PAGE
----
In a classical field theory, the motion of particles changes the field, as the field changes the motion of particles. In a quantum theory, the two sides are treated as the same phenomenon. Particles like photons and gravitons represent changes in the field due to the motion of 'matter' particles, and when you make a change in one bit of the field it propagates elsewhere, carrying momentum, until it is able to wiggle another material particle elsewhere. So really, a force-carrying particle is just another way of saying the field is in a configuration that applies a force to matter passing through it, as if it was a particle you could collide with.
Think of it like a water wave causing a cork to bob. The essence of the wave is that the water surface is not stationary, so a force is applied to anything floating on it. A sinusoidally moving water waves pushes on anything in it. But you can get the same sort of effect with a 'static wave', where the water is moving constantly in the same direction like a river. The water pushes the cork in the same way, but it's no longer an oscillating effect. You can think of the river as the limit of something like an infinitely slow changing, infinitely long wavelength wave. It's like a 'virtual' wave. In one sense, it's a mathematical fiction. In another, it's a perfectly valid description of wave physics taken to a particular extreme.
But the motion of a river is relative. You can think of it as either the water is moving past you, or you can be moving past the water. The physics is the same. In the same sort of way, a field can look different depending on your state of motion.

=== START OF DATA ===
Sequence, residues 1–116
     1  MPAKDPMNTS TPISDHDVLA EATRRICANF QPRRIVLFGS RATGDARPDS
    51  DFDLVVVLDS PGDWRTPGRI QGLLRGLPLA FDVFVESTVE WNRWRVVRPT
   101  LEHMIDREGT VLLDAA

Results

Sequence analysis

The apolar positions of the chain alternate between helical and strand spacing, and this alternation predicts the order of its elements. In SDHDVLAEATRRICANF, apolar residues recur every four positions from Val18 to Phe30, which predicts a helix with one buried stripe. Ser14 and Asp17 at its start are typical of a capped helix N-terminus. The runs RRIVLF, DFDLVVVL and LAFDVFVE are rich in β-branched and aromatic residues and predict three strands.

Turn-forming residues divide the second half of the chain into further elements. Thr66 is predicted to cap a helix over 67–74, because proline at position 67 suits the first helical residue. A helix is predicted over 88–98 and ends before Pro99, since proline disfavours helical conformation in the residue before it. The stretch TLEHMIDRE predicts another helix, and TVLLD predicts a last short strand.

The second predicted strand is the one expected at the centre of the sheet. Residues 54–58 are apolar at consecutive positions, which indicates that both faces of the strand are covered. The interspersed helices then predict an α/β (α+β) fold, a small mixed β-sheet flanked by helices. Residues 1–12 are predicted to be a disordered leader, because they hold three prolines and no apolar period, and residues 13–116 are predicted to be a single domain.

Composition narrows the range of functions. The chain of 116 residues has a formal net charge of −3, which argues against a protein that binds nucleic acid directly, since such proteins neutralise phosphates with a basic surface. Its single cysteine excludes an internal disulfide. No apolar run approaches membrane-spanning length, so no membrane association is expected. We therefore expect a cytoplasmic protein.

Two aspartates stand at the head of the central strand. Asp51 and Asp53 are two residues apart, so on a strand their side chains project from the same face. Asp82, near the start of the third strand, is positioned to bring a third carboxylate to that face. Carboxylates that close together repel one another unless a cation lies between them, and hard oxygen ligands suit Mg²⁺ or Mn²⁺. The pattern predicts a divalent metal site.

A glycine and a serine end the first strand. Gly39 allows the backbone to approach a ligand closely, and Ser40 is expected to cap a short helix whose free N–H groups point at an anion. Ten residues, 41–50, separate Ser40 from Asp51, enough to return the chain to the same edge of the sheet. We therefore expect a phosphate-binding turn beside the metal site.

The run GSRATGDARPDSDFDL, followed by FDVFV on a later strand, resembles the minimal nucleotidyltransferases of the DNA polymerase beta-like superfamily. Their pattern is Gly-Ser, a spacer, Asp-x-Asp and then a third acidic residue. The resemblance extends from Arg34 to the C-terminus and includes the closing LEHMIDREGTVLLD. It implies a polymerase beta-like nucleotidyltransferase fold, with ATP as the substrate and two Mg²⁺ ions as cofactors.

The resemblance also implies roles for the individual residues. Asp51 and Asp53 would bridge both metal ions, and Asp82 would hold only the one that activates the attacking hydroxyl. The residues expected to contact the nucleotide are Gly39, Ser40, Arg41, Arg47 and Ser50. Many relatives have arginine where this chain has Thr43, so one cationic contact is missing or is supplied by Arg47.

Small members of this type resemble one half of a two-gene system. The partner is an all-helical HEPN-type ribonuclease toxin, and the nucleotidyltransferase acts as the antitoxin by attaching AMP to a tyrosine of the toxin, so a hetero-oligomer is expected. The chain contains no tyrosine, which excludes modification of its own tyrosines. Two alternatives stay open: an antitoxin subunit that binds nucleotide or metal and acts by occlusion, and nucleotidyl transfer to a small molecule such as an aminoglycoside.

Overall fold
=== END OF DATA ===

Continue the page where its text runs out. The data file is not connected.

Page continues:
So in the case of gravity, a large mass bends spacetime so as to apply a force on matter floating on the surface of it, like water flowing down a drain. In the case of rotation, spacetime appears bent, like you're moving past the water instead of the water flowing past you.
To the extent that the curvature of spacetime is describable in terms of gravitons, both gravity from a mass and centrifugal force from rotation both constitute a 'graviton', a disturbance in the apparent flatness of spacetime, in the same sort of way. You can't distinguish them.
(Caveats - this is a very loose analogy, gravity doesn't actually work like a flowing fluid. And gravity isn't quantisable yet. I understand there was an early attempt to model it as the field of a spin 2 quantum particle dubbed a 'graviton', but it didn't quite work.)